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Jottings of New York

William Topaz McGonagall 1825 – 1902 (Greyfriars Parish, Edinburgh)

Oh, mighty city of New York, you are wonderful to behold--
Your buildings are magnificent-- the truth be it told--
They were the only thing that seemed to arrest my eye,
Because many of them are thirteen storeys high;

And as for Central Park, it is lovely to be seen--
Especially in the summer season when its shrubberies are green
And the Burns Statue is there to be seen,
Surrounded by trees on the beautiful sward so green;
Also Shakespeare and the immortal Sir Walter Scott,
Which by Scotchmen and Englishmen will never be forgot.

There are people on the Sabbath day in thousands resort--
All lov'd, in conversation, and eager for sport;
And some of them viewing the wild beasts there,
While the joyous shouts of children does rend the air--
And also beautiful black swans, I do declare.

And there's beautiful boats to be seen there,
And joyous shouts of children does rend the air,
While the boats sail along with them o'er Lohengrin Lake,
And fare is 5 cents for children, and adults ten is all they take.

And there's also summer-house shades, and merry-go-rounds
And with the merry laughter of the children the Park resounds,
During the live-long Sabbath day
Enjoying themselves at the merry-go-round play.

Then there's the elevated railroads abont five storeys high,
Which the inhabitants can hear night and day passing by;
Of, such a mass of people there daily do throng--
No less than five 100,000 daily pass along;
And all along the city you can get for five cents--
And, believe me, among the passengers there's few discontent.

And the top of the houses are mostly all flat,
And in the warm weather the people gather to chat;
Besides, on the housetops they dry their clothes;
And, also, many people all night on the housetops repose.

And numerous ships end steamboats are there to be seen,
Sailing along the East River water, which is very green--
Which is certainly a most beautiful sight
To see them sailing o'er the smooth water day and night.

And as for Brooklyn Bridge, it's a very great height,
And fills the stranger's heart with wonder at first sight;
And with all its loftiness I venture to say
It cannot surpass the new railway bridge of the Silvery Tay.

And there's also ten thousand rumsellers there--
Oh, wonderful to think of, I do declare!
To accommodate the people of New York therein,
And to encourage them to commit all sorts of sin.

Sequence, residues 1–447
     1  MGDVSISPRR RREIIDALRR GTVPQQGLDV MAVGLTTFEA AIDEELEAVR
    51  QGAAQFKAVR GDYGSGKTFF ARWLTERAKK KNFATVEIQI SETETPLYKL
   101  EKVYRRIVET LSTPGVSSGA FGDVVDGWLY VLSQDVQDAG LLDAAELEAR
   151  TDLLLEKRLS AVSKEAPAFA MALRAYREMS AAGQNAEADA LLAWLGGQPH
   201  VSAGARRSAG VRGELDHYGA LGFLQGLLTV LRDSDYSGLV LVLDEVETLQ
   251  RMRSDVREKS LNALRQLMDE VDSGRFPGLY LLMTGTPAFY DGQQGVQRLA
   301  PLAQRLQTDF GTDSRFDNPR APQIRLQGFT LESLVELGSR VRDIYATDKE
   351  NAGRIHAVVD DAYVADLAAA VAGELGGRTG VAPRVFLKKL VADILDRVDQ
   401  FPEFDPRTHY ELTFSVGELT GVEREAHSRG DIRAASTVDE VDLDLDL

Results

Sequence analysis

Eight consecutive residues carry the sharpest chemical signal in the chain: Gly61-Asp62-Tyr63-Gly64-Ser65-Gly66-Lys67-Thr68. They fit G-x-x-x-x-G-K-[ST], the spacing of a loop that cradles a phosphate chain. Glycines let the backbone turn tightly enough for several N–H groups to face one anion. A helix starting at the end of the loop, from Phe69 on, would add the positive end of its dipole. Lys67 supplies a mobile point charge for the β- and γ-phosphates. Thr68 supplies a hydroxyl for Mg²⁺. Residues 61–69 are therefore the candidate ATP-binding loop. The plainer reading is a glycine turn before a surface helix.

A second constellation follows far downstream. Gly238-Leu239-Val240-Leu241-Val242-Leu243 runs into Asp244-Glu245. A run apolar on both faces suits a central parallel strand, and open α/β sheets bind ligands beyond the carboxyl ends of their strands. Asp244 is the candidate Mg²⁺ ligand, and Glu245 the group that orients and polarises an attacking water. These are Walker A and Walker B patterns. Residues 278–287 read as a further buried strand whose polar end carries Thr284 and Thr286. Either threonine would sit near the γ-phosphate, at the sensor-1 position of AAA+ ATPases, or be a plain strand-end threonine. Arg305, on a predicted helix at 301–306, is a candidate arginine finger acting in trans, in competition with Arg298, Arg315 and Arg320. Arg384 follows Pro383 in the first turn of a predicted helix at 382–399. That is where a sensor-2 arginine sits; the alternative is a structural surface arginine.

And on the Sabbath day ye will see many a man
Going for beer with a big tin can,
And seems proud to be seen carrying home the beer
To treat his neighbours and his family dear.

Then at night numbers of the people dance and sing,
Making the walls of their houses to ring
With their songs and dancing on Sabbath night,
Which I witnessed with disgust, and fled from the sight.

And with regard to New York and the sights I did see--
Believe me, I never saw such sights in Dundee;
And the morning I sailed from the city of New York
My heart it felt as light as a cork.

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Submitted on May 13, 2011

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William Topaz McGonagall

William Topaz McGonagall (March 1825 – 29 September 1902) was an Irish weaver, poet and actor who lived in Scotland. He won notoriety as an extremely bad poet who exhibited no recognition of, or concern for, his peers' opinions of his work. He wrote about 200 poems, including "The Tay Bridge Disaster" and "The Famous Tay Whale", which are widely regarded as some of the worst in English literature. Groups throughout Scotland engaged him to make recitations from his work, and contemporary descriptions of these performances indicate that many listeners were appreciating McGonagall's skill as a comic music hall character. Collections of his verse remain popular, with several volumes available today. McGonagall has been lampooned as the worst poet in British history. The chief criticisms are that he was deaf to poetic metaphor and unable to scan correctly. His only apparent understanding of poetry was his belief that it needed to rhyme. McGonagall's fame stems from the humorous effects these shortcomings are considered to generate in his work. Scholars argue that his inappropriate rhythms, weak vocabulary, and ill-advised imagery combine to make his work amongst the most unintentionally amusing dramatic poetry in the English language. His work is in a long tradition of narrative ballads and verse written and published about great events and tragedies, and widely circulated among the local population as handbills. In an age before radio and television, their voice was one way of communicating important news to an avid public. more…

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    "Jottings of New York" Poetry.com. STANDS4 LLC, 2021. Web. 16 Jun 2021. <https://www.poetry.com/poem/41825/jottings-of-new-york>.

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